7. I would attract employers to our ward by using the TIF properly and completely. I would do this by working with the city council and Cook County commissioners to amend commercial and manufacturing taxes so as to ease the burden and hurdle of starting a new business. Personally I would initiate a program to assist new start ups with financial planning and business plans so that new small businesses have a better idea of what is involved in running a business and to help to increase their goals of success. Encouraging monthly meetings with speakers from local and not so local businesses to come and speak and to have work shops utilizing experiences to help overcome common hurdles of owning and operating a small business. I would also recommend a new Booster club for real estate brokers in which residents, businesses and activists are able to show these brokers that the 38th ward is the best choice for their clients whether it is families starting out or seasoned investors. Show the home buyers where we are and why the 38th ward is the best place to raise a family....good shopping, fun restaurants, bars and of .course, GREAT SCHOOLS.
Q: Do you support or oppose the City Council vote to increase the minimum wage in several steps to $13 an hour by 2019? Please explain.
I support a minimum wage increase. I personally think it should happen sooner than 2019. The minimum wage increase has been a large debate and has a lot of great points on all sides. As an Alderman I would like to see that all employees are able to make a decent wage that is steady with the basic cost of living. Most of my jobs growing up and through college were minimum wage positions. Although it was sufficient for my needs then, obviously it would be a real challenge to buy a home and raise a family making minimum wage today. Initially, minimum wage employees will have an increased buying power but as the market adjusts, prices of goods will have also increased. Large corporations are about making money for their share holders and when the increased cost of wages starts to affect their bottom line we will see an increase on goods and services across the board. The change will be subtle but eventually we will be back to the same point. Tax dollars must yield better and more services to the tax payers. As a citizen, we need to get more bangs for our bucks. City costs, departments and expenditures need to be stream lined every year. The city needs to do its job better, more efficient and for less money. That is what will allow for a closing in the gap of quality of life between minimum wage earners and organized labor earners and education based wage earners. I also believe that Alderman salaries need to be capped and only adjust at a maximum of 3% every 3 term cycles. We need to have term limits and a significant reduction in the pension amounts that any alderman may receive. If you want to be an elected official that will make decisions for other peoples lives than you must be willing to accept the same rules for yourself.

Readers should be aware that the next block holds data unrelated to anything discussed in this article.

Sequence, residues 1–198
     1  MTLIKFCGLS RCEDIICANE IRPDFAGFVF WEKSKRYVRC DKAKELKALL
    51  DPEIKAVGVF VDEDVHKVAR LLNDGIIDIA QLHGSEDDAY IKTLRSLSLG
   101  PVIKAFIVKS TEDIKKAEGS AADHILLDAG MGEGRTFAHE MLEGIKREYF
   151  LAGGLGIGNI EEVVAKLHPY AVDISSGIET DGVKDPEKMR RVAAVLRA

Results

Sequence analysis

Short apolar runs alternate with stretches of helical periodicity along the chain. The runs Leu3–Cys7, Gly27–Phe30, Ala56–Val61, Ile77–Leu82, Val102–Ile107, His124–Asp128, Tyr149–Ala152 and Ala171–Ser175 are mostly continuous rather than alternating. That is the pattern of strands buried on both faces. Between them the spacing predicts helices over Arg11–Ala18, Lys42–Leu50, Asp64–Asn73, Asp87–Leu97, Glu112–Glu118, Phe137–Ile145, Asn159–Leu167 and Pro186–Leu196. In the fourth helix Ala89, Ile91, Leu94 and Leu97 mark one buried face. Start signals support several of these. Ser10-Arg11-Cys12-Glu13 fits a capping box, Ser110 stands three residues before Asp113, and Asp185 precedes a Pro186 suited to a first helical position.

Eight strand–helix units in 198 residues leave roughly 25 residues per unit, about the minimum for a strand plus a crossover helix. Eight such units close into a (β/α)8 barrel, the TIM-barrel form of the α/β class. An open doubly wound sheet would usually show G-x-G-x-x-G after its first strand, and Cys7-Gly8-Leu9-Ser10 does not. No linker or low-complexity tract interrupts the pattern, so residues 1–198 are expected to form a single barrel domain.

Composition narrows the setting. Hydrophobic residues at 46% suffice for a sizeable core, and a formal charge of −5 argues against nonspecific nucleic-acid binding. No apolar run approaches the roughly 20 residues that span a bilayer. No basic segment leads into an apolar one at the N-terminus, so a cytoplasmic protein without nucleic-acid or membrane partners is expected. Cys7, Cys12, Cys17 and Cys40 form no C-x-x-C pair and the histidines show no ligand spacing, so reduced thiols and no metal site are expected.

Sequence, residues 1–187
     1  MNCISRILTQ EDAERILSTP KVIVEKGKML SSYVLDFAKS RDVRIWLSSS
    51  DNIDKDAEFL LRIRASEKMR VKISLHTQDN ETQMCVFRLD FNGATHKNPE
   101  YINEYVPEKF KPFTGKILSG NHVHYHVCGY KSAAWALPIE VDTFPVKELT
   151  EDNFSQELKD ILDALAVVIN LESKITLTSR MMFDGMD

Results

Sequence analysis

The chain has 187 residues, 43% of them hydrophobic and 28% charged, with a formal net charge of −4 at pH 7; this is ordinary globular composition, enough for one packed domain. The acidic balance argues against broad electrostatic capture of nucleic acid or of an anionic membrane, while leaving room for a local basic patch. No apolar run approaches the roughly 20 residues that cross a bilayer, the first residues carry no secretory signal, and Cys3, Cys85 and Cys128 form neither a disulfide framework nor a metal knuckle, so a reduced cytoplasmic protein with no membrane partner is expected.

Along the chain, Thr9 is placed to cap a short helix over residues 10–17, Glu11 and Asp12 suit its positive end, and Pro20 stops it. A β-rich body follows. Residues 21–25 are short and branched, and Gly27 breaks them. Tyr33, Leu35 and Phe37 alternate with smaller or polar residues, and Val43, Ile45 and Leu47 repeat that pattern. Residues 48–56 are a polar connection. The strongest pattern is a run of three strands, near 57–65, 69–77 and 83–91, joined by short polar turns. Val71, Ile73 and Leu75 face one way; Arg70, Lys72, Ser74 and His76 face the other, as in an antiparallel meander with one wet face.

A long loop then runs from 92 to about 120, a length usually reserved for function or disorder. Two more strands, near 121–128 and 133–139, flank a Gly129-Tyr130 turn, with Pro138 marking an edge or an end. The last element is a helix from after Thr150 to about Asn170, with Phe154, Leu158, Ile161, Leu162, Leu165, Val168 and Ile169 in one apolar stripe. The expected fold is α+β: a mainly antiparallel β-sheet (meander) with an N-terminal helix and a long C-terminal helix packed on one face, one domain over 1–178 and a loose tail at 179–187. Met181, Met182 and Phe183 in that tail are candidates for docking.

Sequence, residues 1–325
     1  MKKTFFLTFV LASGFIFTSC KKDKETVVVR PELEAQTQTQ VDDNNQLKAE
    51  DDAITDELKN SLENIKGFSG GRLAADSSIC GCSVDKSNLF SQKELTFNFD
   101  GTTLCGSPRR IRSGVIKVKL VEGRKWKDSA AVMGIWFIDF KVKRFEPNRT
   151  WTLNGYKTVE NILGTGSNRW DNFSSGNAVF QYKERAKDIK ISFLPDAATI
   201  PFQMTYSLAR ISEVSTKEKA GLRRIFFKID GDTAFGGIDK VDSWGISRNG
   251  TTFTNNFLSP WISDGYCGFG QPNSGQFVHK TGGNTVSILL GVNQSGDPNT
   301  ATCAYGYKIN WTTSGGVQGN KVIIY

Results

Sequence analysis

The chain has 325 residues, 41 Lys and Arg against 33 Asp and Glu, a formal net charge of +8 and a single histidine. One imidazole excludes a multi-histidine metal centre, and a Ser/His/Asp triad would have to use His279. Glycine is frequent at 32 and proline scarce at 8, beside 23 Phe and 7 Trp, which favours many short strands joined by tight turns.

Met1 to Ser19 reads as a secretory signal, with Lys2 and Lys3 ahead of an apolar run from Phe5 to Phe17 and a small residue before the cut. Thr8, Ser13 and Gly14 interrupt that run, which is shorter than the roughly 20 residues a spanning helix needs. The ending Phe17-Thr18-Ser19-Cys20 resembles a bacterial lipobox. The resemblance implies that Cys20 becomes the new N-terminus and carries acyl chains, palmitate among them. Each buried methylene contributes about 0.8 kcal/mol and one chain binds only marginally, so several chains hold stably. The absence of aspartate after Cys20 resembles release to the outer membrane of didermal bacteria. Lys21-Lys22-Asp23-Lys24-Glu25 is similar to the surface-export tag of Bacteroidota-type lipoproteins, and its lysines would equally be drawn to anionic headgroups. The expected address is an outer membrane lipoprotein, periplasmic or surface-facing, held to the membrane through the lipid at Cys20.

Q: Should the Lucas Museum of Narrative Art be built at the proposed location on Chicago's lakefront? Please explain.
The city needs to find a new location for the museum. Let's look for an area that needs a good shot in the arm to help boost its local economy. Daniel Burnham was a genius in his plans to keep the lake front areas an open space. We need to respect that tradition and utilize our many other available areas that would benefit greatly from the museums presence. Spread the wealth so to speak; expand the museum areas to a location that does not take away more lake front space.